Schiphol pushes €3 billion into catching up on maintenance
Schiphol Airport is pushing 3 billion euros into catching up on maintenance and upgrades at the airport between 2024 and 2027. “After too much of a focus on costs and growth for many years, we must now play catch-up in order to offer employees, travelers, and airlines the necessary quality,” Schiphol CEO Ruud Sondag said in a statement.
According to the airport, many vital parts of the airport are due or overdue for maintenance and renewal, including the baggage basement, the climate control system, walkways, and aircraft taxiways.
“Quantity took precedence over quality, and that didn't do the assets at our airport any good,” Sondag said. “We are going to catch up on maintenance to improve, upgrade, and make the airport more sustainable. This is necessary and in everybody's interest at the airport. Good working conditions, reliability, sustainability, and safety are our starting points.”
The money will go toward renewing lounges 1 and 2 to solve bottlenecks by adjusting walkways and expanding parts of the lounges and the services they offer. The airport will renew over 200 walkways and lifts and replace 18 passenger bridges. The airport is also planning renovations to its baggage system and Piers A and C.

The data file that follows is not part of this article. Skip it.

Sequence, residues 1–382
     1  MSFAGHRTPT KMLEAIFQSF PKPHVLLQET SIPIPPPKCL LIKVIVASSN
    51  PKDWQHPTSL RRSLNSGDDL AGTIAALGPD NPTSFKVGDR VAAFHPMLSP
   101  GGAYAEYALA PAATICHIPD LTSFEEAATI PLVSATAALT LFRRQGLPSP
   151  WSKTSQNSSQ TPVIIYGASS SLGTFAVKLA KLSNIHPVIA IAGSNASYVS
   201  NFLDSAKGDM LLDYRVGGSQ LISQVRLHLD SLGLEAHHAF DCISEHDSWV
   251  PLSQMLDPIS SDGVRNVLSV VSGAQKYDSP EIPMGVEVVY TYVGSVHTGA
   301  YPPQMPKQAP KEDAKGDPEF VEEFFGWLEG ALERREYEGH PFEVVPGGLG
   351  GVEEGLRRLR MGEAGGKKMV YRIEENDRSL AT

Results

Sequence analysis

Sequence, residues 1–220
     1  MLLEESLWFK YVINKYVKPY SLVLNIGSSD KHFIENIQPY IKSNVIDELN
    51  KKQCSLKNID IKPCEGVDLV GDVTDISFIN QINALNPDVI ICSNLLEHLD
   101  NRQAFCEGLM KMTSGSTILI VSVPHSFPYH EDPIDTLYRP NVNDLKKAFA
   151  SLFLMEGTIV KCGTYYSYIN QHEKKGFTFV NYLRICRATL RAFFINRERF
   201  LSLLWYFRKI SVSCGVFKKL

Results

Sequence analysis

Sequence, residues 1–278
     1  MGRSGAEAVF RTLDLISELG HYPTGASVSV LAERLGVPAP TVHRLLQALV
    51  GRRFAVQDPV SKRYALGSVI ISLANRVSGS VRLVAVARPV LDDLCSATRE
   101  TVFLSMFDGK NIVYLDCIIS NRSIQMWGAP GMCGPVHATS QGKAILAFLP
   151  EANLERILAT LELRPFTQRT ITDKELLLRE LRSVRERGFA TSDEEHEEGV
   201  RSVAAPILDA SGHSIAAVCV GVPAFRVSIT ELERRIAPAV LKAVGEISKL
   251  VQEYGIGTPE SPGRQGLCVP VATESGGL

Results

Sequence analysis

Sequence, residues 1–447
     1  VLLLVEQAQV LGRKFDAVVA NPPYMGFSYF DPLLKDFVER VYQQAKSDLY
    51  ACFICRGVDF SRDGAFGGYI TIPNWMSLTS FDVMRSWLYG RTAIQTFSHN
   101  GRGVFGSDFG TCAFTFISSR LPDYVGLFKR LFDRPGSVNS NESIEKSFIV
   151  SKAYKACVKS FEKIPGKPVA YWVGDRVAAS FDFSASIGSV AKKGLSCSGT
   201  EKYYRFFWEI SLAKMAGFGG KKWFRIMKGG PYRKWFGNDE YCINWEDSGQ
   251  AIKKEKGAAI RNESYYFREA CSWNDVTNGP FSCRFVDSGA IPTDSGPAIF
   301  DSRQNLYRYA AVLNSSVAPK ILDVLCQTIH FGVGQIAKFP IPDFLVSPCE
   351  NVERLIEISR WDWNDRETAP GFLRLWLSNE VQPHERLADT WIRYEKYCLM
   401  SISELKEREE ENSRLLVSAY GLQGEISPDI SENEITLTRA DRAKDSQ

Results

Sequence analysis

To improve working conditions for employees, Schiphiol will install lifting aids at every work location for baggage handling by April next year. It will renovate all rest areas and toilets for employees. And the airport is taking measures to reduce emissions and employees’ exposure thereto.
For sustainability, Schiphol is phasing out all fossil fuel-powered vehicles, from baggage tractors to shuttles, in the coming years. It is also switching to sustainable solutions for its climate control and working to get off the gas network.
“It's a big task, with works at the heart of the airport and a continuous operation,” Sondag said about the planned renovations. “Of course, we'll do everything we can to limit the risk of consequences for travelers and airlines, but some inconvenience cannot be ruled out.”